The average time on market (TOM) of sold properties is frequently used by practitioners and policymakers as a market liquidity indicator. This figure might be misleading as the average TOM only considers properties that have been sold. Furthermore, traded properties are heterogeneous. Since these features differ over the cycle, the average TOM could provide wrong signals about market liquidity. These problems are more severe in markets where properties trade infrequently. In this paper, a methodology is provided that allows for the construction of constant-quality housing market liquidity indices in thin markets that can be estimated up to the end of the sample. The latter is particularly important since market watchers are generally interested in the most recent information regarding market liquidity and less in historical information. Using individual transactions data on three different types of Dutch municipalities (small, medium, and large) it is shown that the average TOM overestimates market liquidity in bad times and underestimates market liquidity in good times. The option to withdraw is the most important reason why the average TOM is misleading. Furthermore, constant-quality liquidity leads the average TOM and price changes. The indices not only show that illiquidity is higher during busts, but also that liquidity risk is higher. Additional results suggest that setting a high list price relative to the estimated value results in a higher TOM, but this effect differs over time. Both the list price premium and the effect on sale probability are higher during busts. Differences in housing quality over the cycle, however, also play a significant role. Finally, the method allows for the construction of indices that are more robust to revisions, especially in thinner markets.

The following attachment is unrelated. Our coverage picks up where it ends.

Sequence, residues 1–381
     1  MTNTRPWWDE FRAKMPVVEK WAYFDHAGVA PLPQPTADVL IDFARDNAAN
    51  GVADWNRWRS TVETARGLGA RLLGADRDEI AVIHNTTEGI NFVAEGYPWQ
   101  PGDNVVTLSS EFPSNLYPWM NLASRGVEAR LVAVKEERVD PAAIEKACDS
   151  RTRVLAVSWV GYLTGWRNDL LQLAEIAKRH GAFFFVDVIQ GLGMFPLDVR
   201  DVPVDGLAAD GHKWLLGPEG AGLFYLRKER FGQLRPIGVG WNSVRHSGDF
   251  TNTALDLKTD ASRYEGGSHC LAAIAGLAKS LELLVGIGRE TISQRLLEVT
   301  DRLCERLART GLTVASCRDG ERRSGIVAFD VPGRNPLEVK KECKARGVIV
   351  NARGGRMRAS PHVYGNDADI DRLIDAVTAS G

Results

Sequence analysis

Keywords: Liquidity, Housing, Quality, Index, Thin markets.
JEL classifications: R30, C11, C41.
Working paper no. 637